39.31 Optima Super Vizon II 3600 Customised (Bartok)

Bartok is a custom built dual processor server with an inexpensive 20GB IDE hard disk (for Debian GNU/Linux install) and a 136GB SCSI RAID disk (made up of 4 disks).

Debian GNU/Linux 2.2r2 was originally installed (kernel-image-2.2.18pre21) from CD-ROM (4 December 2001). The SCSI RAID disk (Adaptec 2100s) was not supported by the installed kernel thus Debian was first installed on the IDE drive. A driver for the SCSI RAID was then obtained from Adaptec (dpt_i2o.o) and installed after Debian was upgraded to unstable and running with kernel-image-2.2.19. A compile of kernel-source-2.4.16 produced a dpt_i2o.o suitable for use with kernel-image-2.4.16-686-smp. On 26 March 2003 a standard kernel-image-2.4.20-686-smp was installed to provide up to date support for USB, adding a . This was upgraded to kernel-image-2.4.25-1-686-smp on 23 March 2004. The SMP kernels supports the dual processors and 4GB high memory.

Originally there were occasional I/O errors with the dpt_i2o driver for the Adaptec. Others (e.g., Ian Millsom) reported that the driver in the earlier 2.4 kernels were buggy and indeed Ian had a 2.2.19pre17 kernel patched for the driver. However, running under kernel versions 2.4.16, 2.4.20, and 2.4.25 there have been no further problems. (The 2.4.16 kernel was compiled with options p3, high memory, and SMP and the later kernels were standard Debian kernels with SMP and HIMEM).

Original partitioning was 4GB for / and the rest for /home. After a couple of years of use the 4GB for / became inadequate and things like /usr/share started moving to other places!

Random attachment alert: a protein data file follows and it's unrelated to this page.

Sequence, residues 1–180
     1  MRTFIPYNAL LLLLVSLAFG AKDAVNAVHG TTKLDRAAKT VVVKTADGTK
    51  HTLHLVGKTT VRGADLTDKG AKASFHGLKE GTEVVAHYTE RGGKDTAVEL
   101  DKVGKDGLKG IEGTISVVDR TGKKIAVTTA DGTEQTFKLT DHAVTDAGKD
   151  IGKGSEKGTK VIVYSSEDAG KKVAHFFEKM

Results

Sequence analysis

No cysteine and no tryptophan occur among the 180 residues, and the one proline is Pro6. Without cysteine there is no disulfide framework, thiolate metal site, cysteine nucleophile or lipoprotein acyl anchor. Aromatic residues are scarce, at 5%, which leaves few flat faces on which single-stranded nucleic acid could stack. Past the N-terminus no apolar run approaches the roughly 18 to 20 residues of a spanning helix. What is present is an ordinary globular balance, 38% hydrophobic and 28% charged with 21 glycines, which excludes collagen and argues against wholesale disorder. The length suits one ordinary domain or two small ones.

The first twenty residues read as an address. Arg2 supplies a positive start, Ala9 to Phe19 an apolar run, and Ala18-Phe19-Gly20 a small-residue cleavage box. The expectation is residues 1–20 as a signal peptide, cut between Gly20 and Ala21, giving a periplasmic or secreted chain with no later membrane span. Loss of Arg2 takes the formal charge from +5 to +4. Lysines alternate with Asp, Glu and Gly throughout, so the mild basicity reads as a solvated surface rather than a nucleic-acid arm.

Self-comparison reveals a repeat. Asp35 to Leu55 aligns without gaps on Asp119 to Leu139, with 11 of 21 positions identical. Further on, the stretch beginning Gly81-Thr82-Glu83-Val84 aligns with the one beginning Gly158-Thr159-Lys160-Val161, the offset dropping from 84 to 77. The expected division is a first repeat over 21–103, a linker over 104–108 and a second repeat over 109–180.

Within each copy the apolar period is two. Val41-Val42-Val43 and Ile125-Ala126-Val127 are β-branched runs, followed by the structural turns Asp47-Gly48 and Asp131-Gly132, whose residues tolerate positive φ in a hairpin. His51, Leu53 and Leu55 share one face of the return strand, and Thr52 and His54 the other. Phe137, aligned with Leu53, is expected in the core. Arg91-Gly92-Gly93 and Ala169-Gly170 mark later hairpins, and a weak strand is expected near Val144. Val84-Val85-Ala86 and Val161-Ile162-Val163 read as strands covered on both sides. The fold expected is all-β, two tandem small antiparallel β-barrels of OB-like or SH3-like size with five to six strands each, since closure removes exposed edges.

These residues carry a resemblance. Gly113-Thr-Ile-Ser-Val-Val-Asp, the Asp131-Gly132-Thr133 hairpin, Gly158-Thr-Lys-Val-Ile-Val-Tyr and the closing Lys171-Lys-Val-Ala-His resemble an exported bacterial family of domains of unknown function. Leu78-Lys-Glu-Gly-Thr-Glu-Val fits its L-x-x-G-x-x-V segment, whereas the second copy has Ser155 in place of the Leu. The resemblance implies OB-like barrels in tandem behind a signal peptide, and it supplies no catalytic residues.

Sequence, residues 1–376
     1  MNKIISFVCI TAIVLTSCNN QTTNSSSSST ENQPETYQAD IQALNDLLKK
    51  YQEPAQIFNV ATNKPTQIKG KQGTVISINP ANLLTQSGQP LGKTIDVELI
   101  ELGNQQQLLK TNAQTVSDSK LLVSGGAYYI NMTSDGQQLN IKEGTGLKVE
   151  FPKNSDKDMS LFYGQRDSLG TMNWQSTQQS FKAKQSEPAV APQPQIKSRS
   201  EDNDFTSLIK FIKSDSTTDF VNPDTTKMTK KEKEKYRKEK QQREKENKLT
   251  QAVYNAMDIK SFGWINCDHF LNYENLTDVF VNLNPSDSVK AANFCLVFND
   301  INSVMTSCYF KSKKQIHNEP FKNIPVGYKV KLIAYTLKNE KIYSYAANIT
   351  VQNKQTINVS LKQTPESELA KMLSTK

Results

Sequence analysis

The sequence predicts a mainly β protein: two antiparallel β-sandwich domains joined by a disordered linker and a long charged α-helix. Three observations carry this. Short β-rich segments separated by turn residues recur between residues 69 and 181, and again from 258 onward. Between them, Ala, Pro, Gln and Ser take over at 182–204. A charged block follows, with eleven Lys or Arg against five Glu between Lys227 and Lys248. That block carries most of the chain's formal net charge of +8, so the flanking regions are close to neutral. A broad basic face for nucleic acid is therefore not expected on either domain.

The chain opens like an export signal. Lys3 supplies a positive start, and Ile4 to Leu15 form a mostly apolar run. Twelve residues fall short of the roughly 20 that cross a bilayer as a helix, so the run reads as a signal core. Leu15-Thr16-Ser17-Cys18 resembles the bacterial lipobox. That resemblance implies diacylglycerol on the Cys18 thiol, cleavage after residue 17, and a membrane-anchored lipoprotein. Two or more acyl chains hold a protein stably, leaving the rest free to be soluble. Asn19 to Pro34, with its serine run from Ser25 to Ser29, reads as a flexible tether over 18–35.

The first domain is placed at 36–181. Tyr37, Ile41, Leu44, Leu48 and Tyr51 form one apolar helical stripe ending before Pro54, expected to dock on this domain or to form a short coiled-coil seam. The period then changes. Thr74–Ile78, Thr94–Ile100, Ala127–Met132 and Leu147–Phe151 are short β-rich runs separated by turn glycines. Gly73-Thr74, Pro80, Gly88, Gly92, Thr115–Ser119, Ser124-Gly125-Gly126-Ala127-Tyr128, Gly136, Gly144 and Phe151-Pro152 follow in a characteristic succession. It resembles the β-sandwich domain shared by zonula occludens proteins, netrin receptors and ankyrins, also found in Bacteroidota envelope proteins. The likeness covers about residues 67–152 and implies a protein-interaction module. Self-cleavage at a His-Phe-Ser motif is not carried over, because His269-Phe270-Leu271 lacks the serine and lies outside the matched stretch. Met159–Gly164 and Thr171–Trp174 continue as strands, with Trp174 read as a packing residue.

A new install was performed (24 March 2004) with the beta3 Debian Installer booting from CD-ROM. A default boot froze very quickly just after:

  ENABLING IO-APIC IRQs
  Setting 2 in the phys_id_present_map
  ...changing IO-APIC physical APIC ID to 2 ... ok. 
  ..TIMER: vector=0x31 pin1=2 pin2=0

Booting by entering linux noapic on the Boot: line succeeded. Automatic partition of the IDE disk was then accepted. When rebooting with Grub the boot command had to be edited to add noapic to the end of the kernel line.

39.31.1 Bartok Specifications

From the lspci and lshw commands and /proc/cpuinfo:

Spec Details
CPU: Dual Intel Pentium III (Coppermine) 1GHz
Bogomips: 2 x 2005
Memory: 1.3GB
Network: Integrated Intel PRO/100+ Intel 82559 (eepro1000)
Disk: 20GB IDE
140GB Adaptec 2100s RAID. 4 x Seegate Cheetah 10K 36GB
Video: NVidia Riva Ultra 64
Audio:
CDRW: Mitsubishi CDRW 32x12x8
CDROM: ATAPI-CD ROM-DRIVE-52MAX, ATAPI CD/DVD-ROM drive
Hostname: bartok
Domainname: togaware.com
IP Address: 105.229.8.158
Netmask: 255.255.255.192
Broadcast: 105.229.255.255
Gateway: 105.229.8.190
DNS 125.83.72.15 125.83.72.1
Boot: Lilo
Kernel: 2.4.25-1-686-smp

39.31.2 Bartok Install Log

The IDE disk was originally partitioned into three: one for swap (2GB as /dev/hda3), one for / (4GB as /dev/hda1) and the rest for /home (14GB as /dev/hda2. After a year or two of use the / partition was full! Generally, use the whole disk for / as is recommended by the Debian Installer.

The second install (23 March 2004) followed the standard path, but with noapic.

39.31.3 Load RAID Driver During Install

The Adaptec PCI Ultra 160 Single Channel RAID Controller, also known as the Adaptec 2100s, was an interesting challenge as drivers for this were not available on the install media. Thus initially it was not possible to install Linux. The initial boot with Debian GNU/Linx V2.2r2 CD-ROM failed because the disks were not found!

After the Configure Keyboard step in the Debian install process there is an opportunity to Preload Essential Modules from Floppy. This allows the loading of modules that are required for particular devices that are otherwise not provided in the kernel.

So the first attempt at installing Linux obtained the appropriate module/driver from Adaptec by downloading dptdriver-2.4.tgz from <linux.adaptec.com>. This gzipped tape archive generates /usr/adaptec/i2o_driver/:

  $ tar zxvf dptdriver-2.4.tgz
  $ cd usr/adaptec/i2o_driver/

The drivers for various versions of the kernel are then contained in dpt_i2o_prebuilt.cgz. This is a gzipped cpio archive. To extract the archive:

  $ mkdir tmp
  $ cd tmp